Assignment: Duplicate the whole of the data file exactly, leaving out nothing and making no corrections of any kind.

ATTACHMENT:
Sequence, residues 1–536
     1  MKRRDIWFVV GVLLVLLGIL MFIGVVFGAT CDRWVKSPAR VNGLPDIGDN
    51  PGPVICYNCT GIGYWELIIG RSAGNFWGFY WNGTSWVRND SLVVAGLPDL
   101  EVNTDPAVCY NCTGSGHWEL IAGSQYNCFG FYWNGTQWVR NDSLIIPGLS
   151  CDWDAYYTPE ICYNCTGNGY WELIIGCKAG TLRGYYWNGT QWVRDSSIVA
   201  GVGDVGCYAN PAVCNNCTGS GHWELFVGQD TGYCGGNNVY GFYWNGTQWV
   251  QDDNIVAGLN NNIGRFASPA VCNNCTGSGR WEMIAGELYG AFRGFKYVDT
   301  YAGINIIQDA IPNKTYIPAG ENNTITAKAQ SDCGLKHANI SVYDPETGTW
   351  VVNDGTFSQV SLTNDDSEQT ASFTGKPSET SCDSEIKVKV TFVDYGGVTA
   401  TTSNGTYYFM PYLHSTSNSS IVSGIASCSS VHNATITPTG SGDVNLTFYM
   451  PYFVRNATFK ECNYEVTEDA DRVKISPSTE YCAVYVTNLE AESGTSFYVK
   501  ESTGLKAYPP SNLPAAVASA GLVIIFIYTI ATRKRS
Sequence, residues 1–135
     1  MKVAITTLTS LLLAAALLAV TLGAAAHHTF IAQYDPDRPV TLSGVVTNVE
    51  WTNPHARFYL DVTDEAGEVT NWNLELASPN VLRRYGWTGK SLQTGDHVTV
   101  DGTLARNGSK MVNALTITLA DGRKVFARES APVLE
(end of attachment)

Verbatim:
Sequence, residues 1–536
     1  MKRRDIWFVV GVLLVLLGIL MFIGVVFGAT CDRWVKSPAR VNGLPDIGDN
    51  PGPVICYNCT GIGYWELIIG RSAGNFWGFY WNGTSWVRND SLVVAGLPDL
   101  EVNTDPAVCY NCTGSGHWEL IAGSQYNCFG FYWNGTQWVR NDSLIIPGLS
   151  CDWDAYYTPE ICYNCTGNGY WELIIGCKAG TLRGYYWNGT QWVRDSSIVA
   201  GVGDVGCYAN PAVCNNCTGS GHWELFVGQD TGYCGGNNVY GFYWNGTQWV
   251  QDDNIVAGLN NNIGRFASPA VCNNCTGSGR WEMIAGELYG AFRGFKYVDT
   301  YAGINIIQDA IPNKTYIPAG ENNTITAKAQ SDCGLKHANI SVYDPETGTW
   351  VVNDGTFSQV SLTNDDSEQT ASFTGKPSET SCDSEIKVKV TFVDYGGVTA
   401  TTSNGTYYFM PYLHSTSNSS IVSGIASCSS VHNATITPTG SGDVNLTFYM
   451  PYFVRNATFK ECNYEVTEDA DRVKISPSTE YCAVYVTNLE AESGTSFYVK
   501  ESTGLKAYPP SNLPAAVASA GLVIIFIYTI ATRKRS
Sequence, residues 1–135
     1  MKVAITTLTS LLLAAALLAV TLGAAAHHTF IAQYDPDRPV TLSGVVTNVE
    51  WTNPHARFYL DVTDEAGEVT NWNLELASPN VLRRYGWTGK SLQTGDHVTV
   101  DGTLARNGSK MVNALTITLA DGRKVFARES APVLE